One of the best-known historians of her time, Barbara W. Tuchman (1912–1989) distilled the complex interplay of personalities and events into gripping narratives that combine lucid scholarship with elegant literary art. Her Pulitzer Prize–winning bestseller The Guns of August (1962) is a riveting account of the outbreak of World War I and the weeks of fighting leading up to the First Battle of the Marne in September 1914. Tuchman dramatizes the diplomatic debacles that precipitated the war and the intransigence of the German and French armies as they dogmatically adhered to their battle plans, with disastrous consequences. The Guns of August is presented here with ten fully restored two-color maps and sixteen pages of photographs.
Some of Tuchman’s finest writing graces her next book, The Proud Tower: A Portrait of the World Before the War, 1890–1914 (1966). She brings to life the disparate worlds of the self-satisfied English aristocracy and the miserable poor whose conditions gave rise to international anarchism; revisits the national madness of the Dreyfus Affair in France; considers the naiveté and cynicism of the varied participants in the international peace conferences at The Hague; mounts a dazzling foray into cultural criticism with a meditation on the operas of Richard Strauss; and creates unforgettable portraits of such political titans as Thomas B. Reed, longtime Speaker of the U.S. House of Representatives, and French Socialist leader Jean Jaurés. The present volume reproduces the original endpaper illustrations from the first edition of The Proud Tower, plus a thirty-two page insert of illustrations. And as a special coda, it presents “How We Entered World War I,” a 1967 essay that appeared in The New York Times Magazine in which Tuchman explores the genesis of U.S. involvement in the Great War.
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World War I and America: Told by the Americans Who Lived It
Clothbound, slipcased edition • 987 pages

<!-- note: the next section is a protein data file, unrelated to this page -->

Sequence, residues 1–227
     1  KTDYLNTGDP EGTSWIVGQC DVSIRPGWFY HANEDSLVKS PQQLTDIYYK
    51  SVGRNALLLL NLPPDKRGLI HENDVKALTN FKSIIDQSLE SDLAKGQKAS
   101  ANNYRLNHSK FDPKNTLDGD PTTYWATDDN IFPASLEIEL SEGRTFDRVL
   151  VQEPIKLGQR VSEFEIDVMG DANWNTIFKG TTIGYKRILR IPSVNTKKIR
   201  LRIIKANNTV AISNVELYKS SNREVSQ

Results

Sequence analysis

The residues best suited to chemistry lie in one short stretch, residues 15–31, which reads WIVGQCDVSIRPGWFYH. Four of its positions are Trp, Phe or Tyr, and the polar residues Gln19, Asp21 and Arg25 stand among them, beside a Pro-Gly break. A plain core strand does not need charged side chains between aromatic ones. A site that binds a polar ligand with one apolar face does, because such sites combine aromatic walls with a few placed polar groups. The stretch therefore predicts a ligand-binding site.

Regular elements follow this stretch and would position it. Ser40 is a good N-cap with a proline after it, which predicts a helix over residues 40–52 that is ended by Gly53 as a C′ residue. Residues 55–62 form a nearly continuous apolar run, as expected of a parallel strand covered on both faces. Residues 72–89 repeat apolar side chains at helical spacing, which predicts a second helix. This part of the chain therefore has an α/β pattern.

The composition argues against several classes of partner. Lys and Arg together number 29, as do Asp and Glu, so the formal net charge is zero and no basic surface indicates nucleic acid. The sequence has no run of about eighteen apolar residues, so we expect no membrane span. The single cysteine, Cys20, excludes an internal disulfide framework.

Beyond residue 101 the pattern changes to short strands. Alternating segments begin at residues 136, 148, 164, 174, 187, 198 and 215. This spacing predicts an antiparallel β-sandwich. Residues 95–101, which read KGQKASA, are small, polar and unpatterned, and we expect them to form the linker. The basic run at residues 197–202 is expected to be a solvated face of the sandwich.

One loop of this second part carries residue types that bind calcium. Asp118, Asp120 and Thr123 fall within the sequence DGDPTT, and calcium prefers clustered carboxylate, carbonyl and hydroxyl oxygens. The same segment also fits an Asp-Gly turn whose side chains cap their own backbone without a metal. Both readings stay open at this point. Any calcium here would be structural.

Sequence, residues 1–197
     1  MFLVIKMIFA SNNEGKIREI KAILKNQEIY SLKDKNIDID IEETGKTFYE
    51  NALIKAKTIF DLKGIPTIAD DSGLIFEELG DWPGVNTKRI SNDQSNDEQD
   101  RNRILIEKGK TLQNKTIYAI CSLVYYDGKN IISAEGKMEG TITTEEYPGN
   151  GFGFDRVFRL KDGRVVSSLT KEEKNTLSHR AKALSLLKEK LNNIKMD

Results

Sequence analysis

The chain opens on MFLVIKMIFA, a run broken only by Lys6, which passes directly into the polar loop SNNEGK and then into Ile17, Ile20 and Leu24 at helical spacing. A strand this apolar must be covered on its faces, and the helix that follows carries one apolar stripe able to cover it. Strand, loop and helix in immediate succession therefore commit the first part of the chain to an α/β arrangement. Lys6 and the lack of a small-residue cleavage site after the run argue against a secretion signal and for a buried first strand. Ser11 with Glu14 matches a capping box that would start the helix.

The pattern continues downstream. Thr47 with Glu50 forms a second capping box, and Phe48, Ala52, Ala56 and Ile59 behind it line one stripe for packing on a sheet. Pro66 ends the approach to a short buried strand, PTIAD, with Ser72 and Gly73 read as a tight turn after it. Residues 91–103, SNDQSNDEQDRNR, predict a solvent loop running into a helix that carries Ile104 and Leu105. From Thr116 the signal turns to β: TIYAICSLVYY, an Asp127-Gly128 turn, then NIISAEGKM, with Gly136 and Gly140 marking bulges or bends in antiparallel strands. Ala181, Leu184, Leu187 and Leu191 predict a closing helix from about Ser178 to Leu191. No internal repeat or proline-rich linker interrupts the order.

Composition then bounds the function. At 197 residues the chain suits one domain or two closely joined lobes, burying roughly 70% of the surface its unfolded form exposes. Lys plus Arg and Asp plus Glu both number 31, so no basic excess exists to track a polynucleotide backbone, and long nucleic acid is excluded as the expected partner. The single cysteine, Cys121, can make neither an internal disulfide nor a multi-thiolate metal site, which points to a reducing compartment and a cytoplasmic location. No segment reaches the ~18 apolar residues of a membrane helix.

World War I and America: Told by the Americans Who Lived It brings together 127 pieces that tell the vivid story of battlefront and homefront from Sarajevo and the invasion of Belgium through the sinking of the Lusitania, the Armenian genocide, the controversy over intervention, and the terrible ferocity of Belleau Wood and the Meuse-Argonne, to the League of Nations debate and the racial violence and political repression that divided postwar America.
Among the writers: war correspondent Richard Harding Davis witnesses the burning of Louvain; Edith Wharton tours the war zones in the Argonne and Flanders; John Reed records the devastation in Serbia and Galicia; diplomats Henry Morgenthau and Leslie Davis report on the extermination of the Armenians; Jane Addams and Emma Goldman warn against militarism; pilots Victor Chapman and Edmond Genet describe flying with the Lafayette Escadrille; infantry officer Hervey Allen recalls the hellish fighting at Fismette; nurses Ellen N. La Motte and Mary Borden depict the “human wreckage” brought into military hospitals; suffragist Carrie Chapman Catt connects the war with the struggle for women’s rights; and Justice Oliver Wendell Holmes considers the limits of free speech in wartime; W. E. B. Du Bois and Jessie Redmon Fauset expose the contradiction between the fight for democracy abroad and the treatment of African Americans at home. The writing gathered here illuminates, as no retrospective history can, how Americans perceived and felt about the war, why they supported or opposed intervention, how they endured the nightmarish reality of modern industrial warfare, and how they experienced the uncertainty and contingency of unfolding events.